Thursday night one of the Academy Of Motion Picture Arts & Sciences’ most important events, the 27th Annual Academy Nicholl Fellowships in Screenwriting named five 2012 fellows to an impressive honor roll that has included writers who eventually penned such films as Little Miss Sunshine, Children Of Men, Twilight, The Bourne Identity, Butter and many television shows including this year’s Emmy winner Homeland. The ceremony at the Regent Beverly Wilshire was opened by Academy CEO Dawn Hudson who announced that these finalists came from a massive 7,197 submissions. “I hope this is the last time you go up against that many people in your career”, she said before introducing producer Gale Anne Hurd, an Academy Governor who heads the Nicholl selection committee.
When the Nicholl fellowships started in 1986 there were only 99 entries but obviously word has gotten out that it’s a good place to be seen if you want a screenwriting career. Hurd pointed out that some 80 feature films written by these writers the Academy program has discovered over the past 27 years have earned $5.37 billion theatrically. She thanked the 173 volunteers from the Academy membership who judged the scripts.
Director/Writer Billy Ray was keynoter. He talked about the many movies of the 70′s that inspired his career ambition, his early days breaking into the business, and the wildly changing landscape writers must face today. “Now before a studio can greenlight a movie it must be blessed by the head of marketing, head of foreign sales, head of home video. It must be subjected to a process called ‘running the numbers’. Of course this process takes into account every variable except the variable which actually matters, the one that can’t be gauged by any calculus, whether the movie is any good,” he said. He urged the new writers in the room to protect their ideas. “Your charge is greatness and you have to pursue it in everything you do everyday… And as you surge forward don’t forget to look back,” and he urged the writers to check out the library at WGA headquarters that is full of every classic script ever written .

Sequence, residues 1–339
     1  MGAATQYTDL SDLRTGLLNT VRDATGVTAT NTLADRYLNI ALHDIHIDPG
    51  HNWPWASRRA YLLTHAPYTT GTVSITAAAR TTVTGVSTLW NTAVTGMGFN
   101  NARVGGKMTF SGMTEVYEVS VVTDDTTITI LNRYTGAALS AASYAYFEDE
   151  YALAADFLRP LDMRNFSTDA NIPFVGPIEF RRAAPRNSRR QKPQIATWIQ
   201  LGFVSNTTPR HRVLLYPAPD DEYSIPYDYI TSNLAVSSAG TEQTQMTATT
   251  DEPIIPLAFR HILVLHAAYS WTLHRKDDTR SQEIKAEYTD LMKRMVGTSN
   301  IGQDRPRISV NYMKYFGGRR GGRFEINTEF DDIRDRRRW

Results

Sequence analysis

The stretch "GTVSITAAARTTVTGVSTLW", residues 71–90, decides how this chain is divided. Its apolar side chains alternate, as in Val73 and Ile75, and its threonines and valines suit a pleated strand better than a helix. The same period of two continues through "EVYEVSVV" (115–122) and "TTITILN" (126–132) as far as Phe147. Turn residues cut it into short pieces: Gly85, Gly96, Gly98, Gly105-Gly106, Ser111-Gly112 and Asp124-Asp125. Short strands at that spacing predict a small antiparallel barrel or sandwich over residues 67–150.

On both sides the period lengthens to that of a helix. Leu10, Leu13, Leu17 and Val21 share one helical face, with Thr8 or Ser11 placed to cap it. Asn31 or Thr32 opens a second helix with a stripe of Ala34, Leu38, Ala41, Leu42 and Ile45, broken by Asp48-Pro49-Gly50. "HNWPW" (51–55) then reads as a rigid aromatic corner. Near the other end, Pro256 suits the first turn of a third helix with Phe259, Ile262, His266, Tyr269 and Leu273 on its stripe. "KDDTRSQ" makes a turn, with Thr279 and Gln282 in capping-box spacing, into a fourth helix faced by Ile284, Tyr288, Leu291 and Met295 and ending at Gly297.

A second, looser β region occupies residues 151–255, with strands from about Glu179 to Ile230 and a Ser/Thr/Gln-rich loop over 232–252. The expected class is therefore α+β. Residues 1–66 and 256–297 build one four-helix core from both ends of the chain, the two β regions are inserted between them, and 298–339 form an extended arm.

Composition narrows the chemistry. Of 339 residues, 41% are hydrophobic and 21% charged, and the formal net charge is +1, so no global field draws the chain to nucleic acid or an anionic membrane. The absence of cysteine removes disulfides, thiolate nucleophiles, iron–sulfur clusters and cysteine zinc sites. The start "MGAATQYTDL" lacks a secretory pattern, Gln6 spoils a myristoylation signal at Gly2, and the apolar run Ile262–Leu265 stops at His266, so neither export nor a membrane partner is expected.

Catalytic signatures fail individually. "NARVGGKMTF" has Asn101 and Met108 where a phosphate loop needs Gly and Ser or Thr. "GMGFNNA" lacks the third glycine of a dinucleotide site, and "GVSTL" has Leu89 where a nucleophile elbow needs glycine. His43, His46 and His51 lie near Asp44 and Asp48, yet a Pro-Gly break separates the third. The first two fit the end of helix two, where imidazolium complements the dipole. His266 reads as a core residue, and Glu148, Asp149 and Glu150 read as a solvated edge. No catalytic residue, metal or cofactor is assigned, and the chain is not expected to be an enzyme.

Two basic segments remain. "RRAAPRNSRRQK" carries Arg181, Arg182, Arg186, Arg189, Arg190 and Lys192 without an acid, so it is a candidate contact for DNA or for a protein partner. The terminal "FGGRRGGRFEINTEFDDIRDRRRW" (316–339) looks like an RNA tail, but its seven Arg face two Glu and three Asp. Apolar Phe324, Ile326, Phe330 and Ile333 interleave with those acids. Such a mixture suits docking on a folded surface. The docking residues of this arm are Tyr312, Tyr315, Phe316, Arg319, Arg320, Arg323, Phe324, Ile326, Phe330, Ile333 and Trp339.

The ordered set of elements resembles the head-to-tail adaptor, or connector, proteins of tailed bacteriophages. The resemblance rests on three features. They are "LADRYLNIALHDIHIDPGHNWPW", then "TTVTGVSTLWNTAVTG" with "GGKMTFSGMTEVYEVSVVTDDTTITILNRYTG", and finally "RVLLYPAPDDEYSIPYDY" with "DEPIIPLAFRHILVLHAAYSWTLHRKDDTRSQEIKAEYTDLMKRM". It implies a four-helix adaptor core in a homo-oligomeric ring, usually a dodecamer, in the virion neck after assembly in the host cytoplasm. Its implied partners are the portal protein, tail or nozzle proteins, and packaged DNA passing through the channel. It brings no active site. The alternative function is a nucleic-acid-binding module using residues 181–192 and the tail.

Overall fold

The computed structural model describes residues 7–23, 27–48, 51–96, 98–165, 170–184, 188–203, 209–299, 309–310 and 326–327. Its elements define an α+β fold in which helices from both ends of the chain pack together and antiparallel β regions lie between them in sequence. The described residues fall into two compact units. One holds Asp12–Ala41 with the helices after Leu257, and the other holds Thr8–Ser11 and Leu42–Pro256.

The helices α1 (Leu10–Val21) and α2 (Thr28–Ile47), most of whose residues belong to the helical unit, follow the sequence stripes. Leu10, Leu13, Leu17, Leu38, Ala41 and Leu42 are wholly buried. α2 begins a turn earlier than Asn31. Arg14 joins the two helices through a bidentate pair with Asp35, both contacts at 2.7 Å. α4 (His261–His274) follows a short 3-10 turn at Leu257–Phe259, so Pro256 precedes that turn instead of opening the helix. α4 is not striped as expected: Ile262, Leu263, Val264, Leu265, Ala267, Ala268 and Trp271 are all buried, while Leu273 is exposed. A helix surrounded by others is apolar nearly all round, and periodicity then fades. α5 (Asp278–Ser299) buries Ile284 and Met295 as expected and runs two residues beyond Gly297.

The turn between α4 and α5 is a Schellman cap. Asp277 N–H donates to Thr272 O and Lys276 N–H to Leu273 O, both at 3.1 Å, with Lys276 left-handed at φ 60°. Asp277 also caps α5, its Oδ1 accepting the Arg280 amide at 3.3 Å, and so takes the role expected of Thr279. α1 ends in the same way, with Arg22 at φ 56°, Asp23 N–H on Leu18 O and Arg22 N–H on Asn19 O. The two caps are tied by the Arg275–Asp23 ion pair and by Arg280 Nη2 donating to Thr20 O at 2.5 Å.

Among those committee members on hand was Robert Shapiro, former Warner Bros Head of Theatrical Production and producer of films like Empire Of The Sun and Pee Wee’s Big Adventure. He’s been serving on the small committee that selects the final winners for 5 years and says the arguments can be contentious with some loving a script and some hating it. He told me they always manage somehow to come to a consensus. In introducing Nicholl Fellow Allan Durand who won for his script Willie Francis Must Die Again, Shapiro said “he is definitely, as Deadline Hollywood might someday write, ‘someone to watch’”.
Louisiana native Durand who is an attorney producer and documentary filmmaker admitted to me only that he is over 55 years old and just getting rolling in the screenplay business, definitely going against the common wisdom that it is a game only for young people. In his speech he took note of that. “My all time Academy Award favorite moment before tonight was when (73 year old) David Seidler won the Oscar for The King’s Speech and he went up on that stage and had this head full of grey hair and I thought that was so great,” he told the crowd noting that the WGA had once put out a study saying the most discriminated-against writers were either women, African Americans, people with disabilities or anyone over 50. “My question was when did age and experience become a negative for screenwriters? On behalf of us grey haired screenwriters thank you very much.”
Well, at least the Academy Nicholl Fellowships don’t discriminate. The other Fellows for 2012 are James DiLapo for Devils At Play, Sean Robert Daniels for Killers, Nikole Beckwith for Stockholm, Pennsylvania, and Michael Werwie for Extremely Wicked, Shockingly Evil, And Vile.
Awards Columnist Pete Hammond - tip him here.